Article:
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15 Award-Winning Facts About The Nobel Prize

1. Robert Lucas, winner of the 1995 Nobel Prize in Economics for his work on the theory of "rational expectations," split his $1 million prize with his ex-wife. If there were a Nobel Prize for Foresight or Timing, I'd nominate her, based on a clause in their divorce settlement from seven years earlier: "Wife shall receive 50 percent of any Nobel Prize." But the clause expired on October 31, 1995. Had Lucas won any year after, he would have kept the whole million.

dynasty.jpg2. Physicist Lise Meitner, whose work helped lead to the discovery of nuclear fission, was reportedly nominated for the Nobel Prize 13 times without ever winning. This makes her the Dynasty of the Nobel Prize scene (the show was nominated for 24 Emmy Awards but never won). Other analogies we'd accept: The Color Purple (11 Oscar nominations in 1985, no wins) and William Jennings Bryan (three-time Democratic nominee for President, losing twice to McKinley and once to Taft.)

3. In 2007, two winners had a combined age of 177. At 90, professor Leonid Hurwicz is the oldest person to ever win (one-third of the Prize in Economics); at 87, writer Doris Lessing is the oldest woman (Literature).

Keep reading for duels, sex scandals, overlooked legends and flat-out refusals.

Mullis2.jpg4. DNA expert Kary Mullis "“ 1993 winner of the Nobel Prize in Chemistry "“ was scheduled to be a defense witness in O.J. Simpson's murder trial. However, Simpson lawyer Barry Scheck felt the prosecution's DNA case was already essentially destroyed, and he didn't want Mullis' personal life to distract jurors (read: he'd expressed an affinity for LSD and surfing.)

5. In the last ten years, the Nobel Prize in Literature has gone for the first time to authors in Portugal, China, Trinidad & Tobago, Hungary, Austria and Turkey [source].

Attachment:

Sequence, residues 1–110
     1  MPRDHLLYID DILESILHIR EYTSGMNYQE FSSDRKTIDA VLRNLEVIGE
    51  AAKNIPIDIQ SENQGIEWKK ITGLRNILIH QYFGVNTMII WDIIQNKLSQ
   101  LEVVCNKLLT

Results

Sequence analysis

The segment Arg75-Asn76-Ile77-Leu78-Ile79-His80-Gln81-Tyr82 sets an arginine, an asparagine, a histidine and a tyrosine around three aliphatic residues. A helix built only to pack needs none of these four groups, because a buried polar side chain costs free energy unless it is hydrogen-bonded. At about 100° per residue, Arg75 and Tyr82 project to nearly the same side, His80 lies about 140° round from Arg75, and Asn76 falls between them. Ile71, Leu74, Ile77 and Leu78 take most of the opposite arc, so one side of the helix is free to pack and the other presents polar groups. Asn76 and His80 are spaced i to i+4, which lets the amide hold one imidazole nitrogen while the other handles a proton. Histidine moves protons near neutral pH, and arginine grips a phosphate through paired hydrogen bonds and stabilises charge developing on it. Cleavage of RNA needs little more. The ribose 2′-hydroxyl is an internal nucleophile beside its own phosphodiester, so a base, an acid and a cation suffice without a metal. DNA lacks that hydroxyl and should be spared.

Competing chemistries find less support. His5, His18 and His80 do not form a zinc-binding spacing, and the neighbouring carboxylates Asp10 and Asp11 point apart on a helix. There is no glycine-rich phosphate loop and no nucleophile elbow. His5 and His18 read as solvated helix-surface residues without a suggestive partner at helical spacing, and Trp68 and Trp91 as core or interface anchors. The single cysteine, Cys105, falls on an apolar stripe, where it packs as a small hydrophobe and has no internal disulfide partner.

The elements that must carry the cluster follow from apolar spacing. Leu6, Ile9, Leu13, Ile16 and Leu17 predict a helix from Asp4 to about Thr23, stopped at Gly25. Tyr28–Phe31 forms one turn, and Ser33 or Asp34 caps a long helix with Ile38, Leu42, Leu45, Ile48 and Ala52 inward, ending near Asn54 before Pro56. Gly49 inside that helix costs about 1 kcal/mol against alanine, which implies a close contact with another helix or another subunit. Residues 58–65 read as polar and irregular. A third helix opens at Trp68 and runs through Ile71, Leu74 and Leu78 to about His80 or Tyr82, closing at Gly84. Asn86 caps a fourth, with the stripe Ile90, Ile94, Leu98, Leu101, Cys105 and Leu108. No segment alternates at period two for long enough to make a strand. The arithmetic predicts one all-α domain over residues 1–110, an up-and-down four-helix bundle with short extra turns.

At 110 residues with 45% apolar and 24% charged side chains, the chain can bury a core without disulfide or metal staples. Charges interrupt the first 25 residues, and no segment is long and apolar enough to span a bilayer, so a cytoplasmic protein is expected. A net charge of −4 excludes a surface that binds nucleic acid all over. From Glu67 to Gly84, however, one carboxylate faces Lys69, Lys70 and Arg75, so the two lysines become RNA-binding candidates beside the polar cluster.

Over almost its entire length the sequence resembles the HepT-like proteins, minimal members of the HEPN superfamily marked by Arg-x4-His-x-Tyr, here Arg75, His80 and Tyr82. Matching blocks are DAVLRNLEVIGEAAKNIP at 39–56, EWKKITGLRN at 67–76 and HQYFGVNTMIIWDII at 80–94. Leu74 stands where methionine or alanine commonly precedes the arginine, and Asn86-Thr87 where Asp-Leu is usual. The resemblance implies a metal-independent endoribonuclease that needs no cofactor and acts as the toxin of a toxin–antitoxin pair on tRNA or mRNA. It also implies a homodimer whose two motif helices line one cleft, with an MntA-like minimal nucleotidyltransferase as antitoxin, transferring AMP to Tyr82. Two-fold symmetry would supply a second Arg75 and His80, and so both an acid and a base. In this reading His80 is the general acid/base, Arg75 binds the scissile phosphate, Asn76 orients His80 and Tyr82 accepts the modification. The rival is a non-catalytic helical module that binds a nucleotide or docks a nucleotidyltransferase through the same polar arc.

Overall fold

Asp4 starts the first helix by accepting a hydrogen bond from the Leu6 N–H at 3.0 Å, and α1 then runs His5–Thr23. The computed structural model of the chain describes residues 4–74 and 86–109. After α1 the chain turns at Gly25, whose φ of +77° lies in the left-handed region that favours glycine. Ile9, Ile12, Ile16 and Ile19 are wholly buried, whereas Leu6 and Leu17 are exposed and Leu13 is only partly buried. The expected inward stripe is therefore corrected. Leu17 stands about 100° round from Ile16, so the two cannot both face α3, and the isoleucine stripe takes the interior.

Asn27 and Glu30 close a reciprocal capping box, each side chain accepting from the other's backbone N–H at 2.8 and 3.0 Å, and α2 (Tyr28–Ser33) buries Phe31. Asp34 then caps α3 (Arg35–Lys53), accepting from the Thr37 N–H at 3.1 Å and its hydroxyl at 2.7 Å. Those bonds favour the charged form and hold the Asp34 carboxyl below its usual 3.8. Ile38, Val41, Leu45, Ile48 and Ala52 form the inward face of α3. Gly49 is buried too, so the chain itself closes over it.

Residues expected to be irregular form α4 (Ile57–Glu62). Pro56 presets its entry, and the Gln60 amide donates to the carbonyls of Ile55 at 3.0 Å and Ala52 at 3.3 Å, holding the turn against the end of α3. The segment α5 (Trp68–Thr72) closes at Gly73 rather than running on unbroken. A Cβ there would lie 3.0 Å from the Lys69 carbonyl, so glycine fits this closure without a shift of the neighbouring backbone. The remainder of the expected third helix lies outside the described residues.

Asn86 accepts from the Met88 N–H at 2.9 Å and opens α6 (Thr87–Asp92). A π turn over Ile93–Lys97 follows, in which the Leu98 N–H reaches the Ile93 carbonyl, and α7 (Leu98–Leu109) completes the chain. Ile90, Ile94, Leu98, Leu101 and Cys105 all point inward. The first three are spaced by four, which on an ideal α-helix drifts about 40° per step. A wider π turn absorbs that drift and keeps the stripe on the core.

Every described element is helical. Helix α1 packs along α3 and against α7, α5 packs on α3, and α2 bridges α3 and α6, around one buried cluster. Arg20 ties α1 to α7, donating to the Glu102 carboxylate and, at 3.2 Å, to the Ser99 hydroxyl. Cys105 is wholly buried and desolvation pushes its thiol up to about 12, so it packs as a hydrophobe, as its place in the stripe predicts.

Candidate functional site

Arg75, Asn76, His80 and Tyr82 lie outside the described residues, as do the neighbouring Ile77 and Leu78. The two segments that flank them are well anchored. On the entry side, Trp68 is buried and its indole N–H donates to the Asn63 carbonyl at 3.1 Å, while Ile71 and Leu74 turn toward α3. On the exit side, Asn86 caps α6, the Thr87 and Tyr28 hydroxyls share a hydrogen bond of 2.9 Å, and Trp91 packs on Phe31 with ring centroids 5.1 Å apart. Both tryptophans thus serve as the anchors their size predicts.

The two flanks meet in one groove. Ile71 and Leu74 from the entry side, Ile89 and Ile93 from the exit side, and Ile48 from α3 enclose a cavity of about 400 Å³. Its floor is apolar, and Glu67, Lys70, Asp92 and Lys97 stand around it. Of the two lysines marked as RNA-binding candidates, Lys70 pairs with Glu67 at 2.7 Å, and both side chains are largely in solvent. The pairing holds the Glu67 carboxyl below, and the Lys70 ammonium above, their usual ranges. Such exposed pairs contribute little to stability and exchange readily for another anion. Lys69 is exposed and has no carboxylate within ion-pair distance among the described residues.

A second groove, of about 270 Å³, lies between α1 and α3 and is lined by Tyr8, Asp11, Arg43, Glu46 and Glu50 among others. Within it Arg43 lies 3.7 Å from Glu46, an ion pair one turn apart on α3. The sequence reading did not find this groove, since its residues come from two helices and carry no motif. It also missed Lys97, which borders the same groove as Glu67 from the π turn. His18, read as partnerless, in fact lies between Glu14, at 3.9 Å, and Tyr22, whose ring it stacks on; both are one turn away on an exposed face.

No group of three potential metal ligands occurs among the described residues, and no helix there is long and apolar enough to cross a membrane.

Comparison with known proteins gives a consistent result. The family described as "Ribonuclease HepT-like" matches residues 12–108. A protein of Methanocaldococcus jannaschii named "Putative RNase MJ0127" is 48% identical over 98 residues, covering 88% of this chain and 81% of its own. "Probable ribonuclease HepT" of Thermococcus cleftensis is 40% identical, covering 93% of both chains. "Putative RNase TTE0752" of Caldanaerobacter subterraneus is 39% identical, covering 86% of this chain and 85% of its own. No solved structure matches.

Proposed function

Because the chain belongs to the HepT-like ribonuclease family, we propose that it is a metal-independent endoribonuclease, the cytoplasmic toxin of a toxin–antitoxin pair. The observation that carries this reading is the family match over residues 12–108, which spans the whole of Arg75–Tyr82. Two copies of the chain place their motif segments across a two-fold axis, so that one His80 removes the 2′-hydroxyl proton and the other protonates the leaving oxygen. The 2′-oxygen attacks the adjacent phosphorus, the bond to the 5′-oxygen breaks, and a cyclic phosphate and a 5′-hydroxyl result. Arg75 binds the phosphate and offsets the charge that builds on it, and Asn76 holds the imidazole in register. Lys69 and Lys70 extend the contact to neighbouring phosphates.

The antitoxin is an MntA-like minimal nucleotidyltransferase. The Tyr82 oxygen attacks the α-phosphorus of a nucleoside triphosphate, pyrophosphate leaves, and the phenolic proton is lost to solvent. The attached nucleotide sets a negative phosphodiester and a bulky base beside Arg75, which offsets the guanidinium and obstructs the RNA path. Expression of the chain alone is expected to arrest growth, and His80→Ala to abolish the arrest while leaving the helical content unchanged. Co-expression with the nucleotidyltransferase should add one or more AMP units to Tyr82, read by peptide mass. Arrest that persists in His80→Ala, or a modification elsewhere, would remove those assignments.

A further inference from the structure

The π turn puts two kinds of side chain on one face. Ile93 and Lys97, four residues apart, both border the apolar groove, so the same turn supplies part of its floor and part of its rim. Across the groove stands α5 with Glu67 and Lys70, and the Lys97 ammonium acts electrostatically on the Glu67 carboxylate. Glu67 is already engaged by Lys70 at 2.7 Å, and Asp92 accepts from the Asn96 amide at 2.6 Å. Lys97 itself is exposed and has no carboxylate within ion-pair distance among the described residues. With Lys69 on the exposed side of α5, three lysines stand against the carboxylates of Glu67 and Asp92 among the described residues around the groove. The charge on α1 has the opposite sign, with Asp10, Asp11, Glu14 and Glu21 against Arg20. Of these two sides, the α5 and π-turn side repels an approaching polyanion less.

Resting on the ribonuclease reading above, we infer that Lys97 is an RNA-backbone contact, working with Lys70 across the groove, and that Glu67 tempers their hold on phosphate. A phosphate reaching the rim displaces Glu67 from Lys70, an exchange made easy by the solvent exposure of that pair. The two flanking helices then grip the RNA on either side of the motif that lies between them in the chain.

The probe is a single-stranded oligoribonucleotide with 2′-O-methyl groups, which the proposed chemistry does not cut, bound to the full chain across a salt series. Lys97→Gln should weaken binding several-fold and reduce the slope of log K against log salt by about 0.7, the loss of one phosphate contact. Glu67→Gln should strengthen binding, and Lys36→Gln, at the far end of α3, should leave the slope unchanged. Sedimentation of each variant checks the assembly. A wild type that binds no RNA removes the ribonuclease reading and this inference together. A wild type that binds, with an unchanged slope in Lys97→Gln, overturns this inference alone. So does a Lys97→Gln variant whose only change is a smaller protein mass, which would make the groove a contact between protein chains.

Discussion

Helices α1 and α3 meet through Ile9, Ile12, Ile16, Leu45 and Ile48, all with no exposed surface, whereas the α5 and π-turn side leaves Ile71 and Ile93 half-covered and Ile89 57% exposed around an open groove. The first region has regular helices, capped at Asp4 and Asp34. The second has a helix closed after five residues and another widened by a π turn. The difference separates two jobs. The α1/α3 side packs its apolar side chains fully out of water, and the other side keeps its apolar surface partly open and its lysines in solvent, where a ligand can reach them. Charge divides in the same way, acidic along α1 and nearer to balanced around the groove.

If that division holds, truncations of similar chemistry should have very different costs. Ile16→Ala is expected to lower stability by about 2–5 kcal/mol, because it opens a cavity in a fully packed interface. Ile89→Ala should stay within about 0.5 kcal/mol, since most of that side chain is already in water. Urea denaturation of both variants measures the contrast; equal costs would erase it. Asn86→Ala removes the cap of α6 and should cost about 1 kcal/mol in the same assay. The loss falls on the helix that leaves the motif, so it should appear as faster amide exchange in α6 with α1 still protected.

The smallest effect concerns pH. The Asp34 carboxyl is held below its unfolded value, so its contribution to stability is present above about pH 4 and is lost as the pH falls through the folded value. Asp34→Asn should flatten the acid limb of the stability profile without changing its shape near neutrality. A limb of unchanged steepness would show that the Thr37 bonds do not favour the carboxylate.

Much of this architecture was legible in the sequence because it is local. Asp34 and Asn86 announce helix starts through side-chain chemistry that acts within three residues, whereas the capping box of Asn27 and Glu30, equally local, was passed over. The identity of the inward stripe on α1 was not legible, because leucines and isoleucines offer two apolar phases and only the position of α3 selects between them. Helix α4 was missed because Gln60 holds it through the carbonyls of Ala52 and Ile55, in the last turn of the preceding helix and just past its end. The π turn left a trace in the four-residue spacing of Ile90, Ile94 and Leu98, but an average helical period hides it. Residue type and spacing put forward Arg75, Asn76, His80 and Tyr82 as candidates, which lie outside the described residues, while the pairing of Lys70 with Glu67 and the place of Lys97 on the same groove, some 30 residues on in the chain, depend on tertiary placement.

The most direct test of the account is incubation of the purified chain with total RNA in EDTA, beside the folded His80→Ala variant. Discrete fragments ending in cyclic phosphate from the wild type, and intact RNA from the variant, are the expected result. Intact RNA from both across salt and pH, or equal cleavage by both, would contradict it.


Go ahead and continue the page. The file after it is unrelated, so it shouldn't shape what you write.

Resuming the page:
einstein.jpeg6. Nobel Laureates you must know: Teddy Roosevelt, Woodrow Wilson, Rev. Martin Luther King, Jr., Mother Teresa, Elie Wiesel, Mikhail Gorbachev, Nelson Mandela, Yasser Arafat, Shimon Peres, Yitzhak Rabin, Jimmy Carter, Toni Morrison, William Faulkner, T.S. Eliot, Ernest Hemingway, Samuel Beckett, Pierre & Marie Curie, Max Planck and Albert Einstein (====>).

7. Big names who never won: Leo Tolstoy, Virginia Woolf, James Joyce, Marcel Proust, Mangesh Hattikudur, Mark Twain, Gertrude Stein, Paul Tagliabue, Henrik Ibsen, Thomas Edison and Mahatma Gandhi.

8. The following people refused the Prize:

kissinger_tho.jpg"¢ Le Duc Tho was awarded the 1973 Nobel Peace Prize with Henry Kissinger for their roles in brokering a Vietnam cease fire at the Paris Peace Accords. Citing the absence of actual peace in Vietnam, Tho declined to accept.

"¢ Jean Paul Sartre waved off the 1964 Nobel Prize in Literature. His explanation: "It is not the same thing if I sign Jean-Paul Sartre or if I sign Jean-Paul Sartre, Nobel Prize winner. A writer must refuse to allow himself to be transformed into an institution, even if it takes place in the most honorable form."

"¢ Afraid of Soviet retribution, Boris Pasternak declined to accept the 1958 Prize in Literature, which he'd earned for Doctor Zhivago. The Academy refused his refusal. "This refusal, of course, in no way alters the validity of the award. There remains only for the Academy, however, to announce with regret that the presentation of the Prize cannot take place."

"¢ Erik Axel Karlfeldt won for Literature in 1918. He did not accept because he was Secretary of the Swedish Academy, which awards the prize. He was given the award posthumously in 1931.